Linking up with Ginny’s Yarn Along

Things I Learned in October

  • autumn-smoothieEven though California autumns feel more like summers, there are ways we can help to make it feel more like autumn.

Sitting here, on the day after Halloween, we’re finally pulling out the fleece blankets and donning the flannel pjs. Minus a random day here and there, October has been in the 80s and 90s during the day. Maybe this is normal, but after spending four years in Virginia during the fall season, I got spoiled with the brilliant display the leaves perform this time of year and the brisk crispness to the air. Now, I drink my PSL in the air conditioning, hoping to experience some semblance of cool, or grab that pumpkin spice drink in the form of a smoothie to cope. The rare tree that unlocks wonderful hues of yellow, orange and red, I grab a few and return to it when I need an autumnal fix. And knitting, makes me hopeful for days when we’ll be able to wear what I stitch.


  • There is not enough live music in my life.

I surprised my husband with a date night to see the Tannahill Weavers performing at our local state theatre this past month. We are both big fans of celtic music so I knew the Scottish band would delight us both. But I didn’t realize how much it would inspire me to play music of my own again. The girls and I have been turning on our keyboard and banging out songs many afternoons. And, I dare say, it had a similar effect on Steve as he’s been pulling out his mandolin and playing with the girls too.


  • How to make pigtails in very thin, short hair. 

My dear daughter was born with the shortest, whispiest hair–and it hasn’t changed much in the three years she’s been on this earth. It’s finally long enough to make the smallest of pigtails. One of these days, she’ll get the Elsa braid she longs for. <3


  • To trust my own creativity more and more.

I’m often fearful whether I have enough skill to make whatever I’m diving into. Or if I can come up with something that matches {somewhat} the idea I have in my head. But, I’m discovering, the more I just do and the less I worry, the better things turn out. I’m not saying I don’t prepare, but it is easy to just browse through all those lovely Pinterest ideas or long for something like one of my friends has shared, and never really act on the intentions. I’m jumping all in and making many of the gifts I will be giving for Christmas this year. I’m excited to really use these God-given talents.

  • I may have failed to complete my #write31days but the lessons learned were worth the “fail.” 

I truly thought I would make it to the end, but life did not allow for it. Being the perfectionist I tend to be, I’m fighting against it and trying to seek, rather, the lessons that have been the result. It has clarified some things for me regarding my blogging, brought up some important questions about it, but also inspired me to continue to pursue further education in my photography.

What were some things you learned in October?

Linking up with Emily for ‘What I Learned in October’

Never Gets Old {Music Review}

We interrupt your regularly scheduled program of #write31days to bring you a short PSA {that should have been included with yesterday’s post but wasn’t}. #life


What do Andrea Bocelli and Disney possibly have in common? Well, besides platinum music albums, neither of them produce music that ever gets old. The timeless lilting of Bocelli’s soothing voice, the ageless jives of the Disney soundtracks–we just never tire of them. And one more commonality? They both have albums releasing this month!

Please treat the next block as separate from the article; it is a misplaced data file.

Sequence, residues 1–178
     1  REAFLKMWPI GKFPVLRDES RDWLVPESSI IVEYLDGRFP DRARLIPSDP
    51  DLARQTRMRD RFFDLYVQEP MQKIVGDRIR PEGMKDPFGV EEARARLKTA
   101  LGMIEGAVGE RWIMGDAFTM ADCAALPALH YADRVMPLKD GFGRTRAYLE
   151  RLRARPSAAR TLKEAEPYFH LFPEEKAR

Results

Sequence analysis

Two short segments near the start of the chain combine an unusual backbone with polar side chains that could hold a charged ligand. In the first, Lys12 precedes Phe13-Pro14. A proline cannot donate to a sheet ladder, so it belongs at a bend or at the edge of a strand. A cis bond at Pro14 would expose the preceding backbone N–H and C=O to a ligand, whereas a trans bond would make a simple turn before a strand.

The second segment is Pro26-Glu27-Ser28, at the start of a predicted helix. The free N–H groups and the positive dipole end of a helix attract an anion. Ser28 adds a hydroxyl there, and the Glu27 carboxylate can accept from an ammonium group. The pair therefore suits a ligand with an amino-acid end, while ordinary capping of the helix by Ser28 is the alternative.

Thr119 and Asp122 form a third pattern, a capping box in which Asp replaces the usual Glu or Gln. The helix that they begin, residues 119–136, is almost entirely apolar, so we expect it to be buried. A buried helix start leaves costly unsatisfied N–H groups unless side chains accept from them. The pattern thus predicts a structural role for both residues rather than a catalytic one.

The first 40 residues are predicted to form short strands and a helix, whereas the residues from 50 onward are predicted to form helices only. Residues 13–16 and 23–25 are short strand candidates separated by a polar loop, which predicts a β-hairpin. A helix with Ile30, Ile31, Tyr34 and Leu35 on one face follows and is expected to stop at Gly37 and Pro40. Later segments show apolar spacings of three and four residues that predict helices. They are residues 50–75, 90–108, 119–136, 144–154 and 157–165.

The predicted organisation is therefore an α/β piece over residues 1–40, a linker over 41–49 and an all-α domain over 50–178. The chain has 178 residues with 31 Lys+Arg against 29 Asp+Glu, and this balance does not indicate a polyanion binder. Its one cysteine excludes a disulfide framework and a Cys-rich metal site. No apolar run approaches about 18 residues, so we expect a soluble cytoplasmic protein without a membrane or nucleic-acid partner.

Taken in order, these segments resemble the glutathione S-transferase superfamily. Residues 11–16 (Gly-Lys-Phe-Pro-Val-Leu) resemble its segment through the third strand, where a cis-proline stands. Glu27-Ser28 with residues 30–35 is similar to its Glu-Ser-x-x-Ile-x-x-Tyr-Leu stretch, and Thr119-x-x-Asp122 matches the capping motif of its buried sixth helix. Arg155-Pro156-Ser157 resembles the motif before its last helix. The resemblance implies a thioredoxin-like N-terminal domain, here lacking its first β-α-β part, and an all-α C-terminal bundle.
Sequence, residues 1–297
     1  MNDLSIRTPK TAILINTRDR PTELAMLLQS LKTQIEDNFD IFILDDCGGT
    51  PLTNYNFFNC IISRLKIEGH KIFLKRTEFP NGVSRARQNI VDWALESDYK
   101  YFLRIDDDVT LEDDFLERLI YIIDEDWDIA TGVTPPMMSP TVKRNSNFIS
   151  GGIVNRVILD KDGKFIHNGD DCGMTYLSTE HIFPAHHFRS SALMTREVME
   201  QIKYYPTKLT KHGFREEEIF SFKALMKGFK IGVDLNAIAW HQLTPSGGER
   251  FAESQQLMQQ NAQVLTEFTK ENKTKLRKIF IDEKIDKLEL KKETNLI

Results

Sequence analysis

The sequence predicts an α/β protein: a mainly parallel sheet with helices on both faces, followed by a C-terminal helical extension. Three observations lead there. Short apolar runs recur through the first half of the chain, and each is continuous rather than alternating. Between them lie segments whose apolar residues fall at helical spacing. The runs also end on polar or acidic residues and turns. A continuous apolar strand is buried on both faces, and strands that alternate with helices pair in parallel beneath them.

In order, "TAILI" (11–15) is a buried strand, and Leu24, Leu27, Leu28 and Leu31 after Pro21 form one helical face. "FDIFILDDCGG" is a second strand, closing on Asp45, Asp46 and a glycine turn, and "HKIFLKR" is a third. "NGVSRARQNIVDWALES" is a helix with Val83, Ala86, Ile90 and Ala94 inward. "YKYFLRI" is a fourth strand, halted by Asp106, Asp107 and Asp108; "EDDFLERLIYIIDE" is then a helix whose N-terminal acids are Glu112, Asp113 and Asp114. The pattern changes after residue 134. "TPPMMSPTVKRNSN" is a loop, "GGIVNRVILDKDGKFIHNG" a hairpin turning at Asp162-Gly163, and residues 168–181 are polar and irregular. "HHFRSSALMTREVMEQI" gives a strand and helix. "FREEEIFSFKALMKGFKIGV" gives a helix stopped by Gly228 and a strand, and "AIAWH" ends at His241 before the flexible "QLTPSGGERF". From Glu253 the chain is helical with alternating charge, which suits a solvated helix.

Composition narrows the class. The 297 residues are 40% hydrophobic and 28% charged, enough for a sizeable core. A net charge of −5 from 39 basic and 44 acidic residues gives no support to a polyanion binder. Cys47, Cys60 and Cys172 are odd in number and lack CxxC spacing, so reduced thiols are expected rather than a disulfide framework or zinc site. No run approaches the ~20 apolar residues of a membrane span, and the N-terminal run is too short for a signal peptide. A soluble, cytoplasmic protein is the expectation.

Andrea Bocelli has long been a favorite of mine. They say that those who are missing the benefit of one of their senses seem to make up for it by being especially strong in another. I firmly believe that Bocelli’s lack of sight enhanced his ability to hear and, subsequently, to match pitch with the greatest precision. His singing is so lovely to listen to as he gently glides from one note to the next. He effortlessly enchants crowds as we saw with his performance for Pope Francis last month.

I recently had the opportunity to preview his latest album where he proves his talents once again. His album “Cinema”, which hit stores last week, is a great collection of some of the most beloved showcased tunes from the movies. {And if you’re into watching him perform live, you can catch him the day after Thanksgiving, November 27th, on PBS’ “Fall Arts Festival” where his performance of the songs from the album will be aired.}

Although my comprehension of the lyrics is lacking, my favorites of his remain those he sings in his native language of Italian and the closely related language of Spanish. Among my favorites from the album are E Piu’ Ti Penso, a wonderful duet with Ariana Grande, Mi Mancherai from ‘Il Postino’, and the ever-epic ballad of No Llores Por Mi Argentina {Don’t Cry for Me, Argentina} from ‘Evita’. He makes those notes soar.

The recording of this album was, apparently, a long-time dream of Bocelli’s, as the creative license in movie soundtracks is much more vast than your average songs. I think he has done an excellent job doing justice to these beautiful songs. Give it a listen! On iTunes and Amazon.

I participated in the Andrea Bocelli “Cinema” album review program as a member of One2One Network. I was provided an album to review but all opinions are my own. 



Disney songs are on constant repeat in my head. It doesn’t matter how long since I’ve seen the movie, I can still remember every word to the catchy song. But I don’t mind too much. These songs seem to become part of the soundtrack of our life. Many childhood memories are associated with the songs of Disney films. {I can usually deduce when the film came out based on what I associate with the songs from that movie.}